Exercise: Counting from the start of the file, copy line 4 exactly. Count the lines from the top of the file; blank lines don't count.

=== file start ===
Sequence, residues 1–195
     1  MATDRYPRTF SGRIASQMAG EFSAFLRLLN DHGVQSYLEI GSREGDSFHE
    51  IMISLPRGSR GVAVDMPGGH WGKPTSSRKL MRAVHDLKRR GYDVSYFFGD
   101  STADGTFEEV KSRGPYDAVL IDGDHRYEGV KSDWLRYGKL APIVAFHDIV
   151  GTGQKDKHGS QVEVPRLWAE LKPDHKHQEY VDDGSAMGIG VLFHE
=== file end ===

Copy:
   101  STADGTFEEV KSRGPYDAVL IDGDHRYEGV KSDWLRYGKL APIVAFHDIV